The Branch House is composed of a series of discreet volumes each with its own functional coupling: Kitchen & Breakfast Area, Living Room & Dining Room, Garage & Utility Room, Powder Room & Hall Closet, Master Bedroom & Bathroom, Guest Bedroom & Bathroom, Home Office & Bathroom. The location and orientation of each of these volumes was determined by the location of the existing Oak trees (and their perimeter drip line) and by studying the views from each volume. Each window and skylight frame a particular landscape or piece of sky much the same way that a photographer composes a picture with her camera. Distinct from the mid-century modernists desire to physically and visually blur the boundaries between inside and outside, the Branch House holds the landscape apart from the interior by means of the frame. While the large “picture” windows are primarily designed for viewing out, there are smaller vertical oak wood windows that are designed to provide fresh air and cross ventilation. The sill height and depth of these operable wooden windows also provide window seats.
The room volumes of the house are connected by means of a branch-shaped circulation spine that serves as a gallery for the owner’s collection of contemporary art. A continuous concrete slab ties the volumes together at the floor plane, a relationship that is further reinforced by the geometry of the wood ceiling. Floor to ceiling white walls are detailed to float within the gallery. These walls are punctuated by expanses of glass that allow in natural light. Large oak doors, finished with a transparent white stain, allow the living quarters to be closed off from the gallery. This gives privacy to the rooms and allows the gallery to be experienced as an independent aesthetic space separated from the everyday functional living spaces. Located in the gallery/circulation spine are a series of doors that lead to the landscape via cast concrete steps that project outward from the slab. Given its “object in the round” parti, the house gives similar importance to the principal entrance as to the other entrances that lead out to the garden. A small independent structure on the edge of the property serves as the client’s painting studio. The studio, which is also clad in copper, has a single sky lit volume to bring in daylight.
Color and material also play an important role. The copper cladding is developing a patina that over time will further integrate the house into the oak grove landscape. Much of the rest of the material palette was selected for its raw qualities: oak doors, galvanized steel guard rails, Douglas fir ceilings, Oak cabinet doors, and concrete chimneys and flooring. The white walls of the gallery, on the other hand, were selected to accentuate the synthetic qualities of the owners’ contemporary art collection. The “wet” volumes of the house (kitchen, powder room, and bathrooms) are distinguished from the other spaces by floor-to-ceiling, single-color, Heath Ceramic natural clay tile. The richly colored interiors add an element of surprise to the project. The client’s personal interest in color was pivotal in our joint decision to use Heath Ceramics throughout the project. We were drawn to the color of the natural glazes and the slight variations of this hand-made tile. A skylight brings in natural light into each of the colored volumes, making it feel like you are inside of a glazed vessel that is open to the sky.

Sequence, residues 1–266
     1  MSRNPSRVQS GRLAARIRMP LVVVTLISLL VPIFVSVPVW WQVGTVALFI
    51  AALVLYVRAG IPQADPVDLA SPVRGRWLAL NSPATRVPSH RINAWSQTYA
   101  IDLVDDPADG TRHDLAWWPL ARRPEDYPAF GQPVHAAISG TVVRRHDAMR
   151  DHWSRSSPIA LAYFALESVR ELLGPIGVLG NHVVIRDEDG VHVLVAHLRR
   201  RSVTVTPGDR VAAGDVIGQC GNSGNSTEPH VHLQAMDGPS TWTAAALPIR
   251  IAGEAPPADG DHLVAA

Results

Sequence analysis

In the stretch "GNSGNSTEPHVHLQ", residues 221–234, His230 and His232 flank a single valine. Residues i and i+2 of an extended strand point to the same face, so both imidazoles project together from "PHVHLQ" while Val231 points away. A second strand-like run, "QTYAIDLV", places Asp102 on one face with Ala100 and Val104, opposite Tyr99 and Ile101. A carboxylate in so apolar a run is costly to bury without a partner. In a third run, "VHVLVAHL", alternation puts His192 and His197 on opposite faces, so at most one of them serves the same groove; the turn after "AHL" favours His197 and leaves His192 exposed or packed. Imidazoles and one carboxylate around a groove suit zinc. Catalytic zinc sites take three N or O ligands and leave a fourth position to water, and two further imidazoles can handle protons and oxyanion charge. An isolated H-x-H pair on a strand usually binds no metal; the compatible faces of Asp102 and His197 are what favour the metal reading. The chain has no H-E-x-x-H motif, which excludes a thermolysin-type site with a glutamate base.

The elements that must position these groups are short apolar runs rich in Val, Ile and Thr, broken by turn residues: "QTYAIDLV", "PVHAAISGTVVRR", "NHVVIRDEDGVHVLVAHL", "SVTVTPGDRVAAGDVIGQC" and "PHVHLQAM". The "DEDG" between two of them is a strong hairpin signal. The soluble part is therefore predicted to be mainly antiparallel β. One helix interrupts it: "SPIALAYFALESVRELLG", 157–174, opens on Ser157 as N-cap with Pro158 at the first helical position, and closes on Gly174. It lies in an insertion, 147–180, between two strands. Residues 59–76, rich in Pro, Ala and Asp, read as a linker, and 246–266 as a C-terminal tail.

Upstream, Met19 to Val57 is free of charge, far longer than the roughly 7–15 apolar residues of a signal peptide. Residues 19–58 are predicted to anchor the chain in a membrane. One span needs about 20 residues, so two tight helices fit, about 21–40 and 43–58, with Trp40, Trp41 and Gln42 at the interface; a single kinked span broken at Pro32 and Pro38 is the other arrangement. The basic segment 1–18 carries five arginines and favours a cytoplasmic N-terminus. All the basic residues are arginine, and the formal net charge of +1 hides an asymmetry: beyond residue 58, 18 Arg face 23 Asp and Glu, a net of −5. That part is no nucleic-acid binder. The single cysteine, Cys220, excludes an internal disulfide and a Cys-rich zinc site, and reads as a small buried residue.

Tragically right as we were set to begin construction the husband was diagnosed with cancer. The couple considered abandoning the project. The house had been conceived by this lively couple as a refuge for the two of them together. On his deathbed, the husband told his wife that he wanted to go to Montecito. After some months, with this in mind, the wife decided to move ahead with construction. She explained that building the house would be a creative act and that in times like this engaging in a creative act was the right thing to do. We began construction. During this time, the wife, now a widow, told us stories about her life growing up in Montecito and San Francisco, about the generations of Californians in her family, about her and her husband’s life together. The Branch House is a tribute to this relationship.
Early on in the design process, Peter suggested that the couple should plant a new oak tree in the exterior court space that would be visible as you entered the house. As construction neared completion Peter and the widow went to nursery to pick out a large Coastal Live Oak for this spot. As we watched the construction crew plant the tree we recognized that this was a fitting way to honor the husband and wife’s marriage, and their desire to make their home in a tree house.
For additional plans and images of the Branch House click here
Size: 5,410 SF
Project Team: Peter Tolkin, Jeremy Schacht, Albert Escobar
Engineers: Joseph Perazzelli (Structural), Michael Viettone Civil Engineering (Civil)
Consultants: Monterey Energy Group, Inc. (Solar/Insulation)
Arborist: Westree Inc.
Photographer: David Hartwell
2019 Residential Architect Design Awards, "Custom Home More than 3000 square feet", Architect Magazine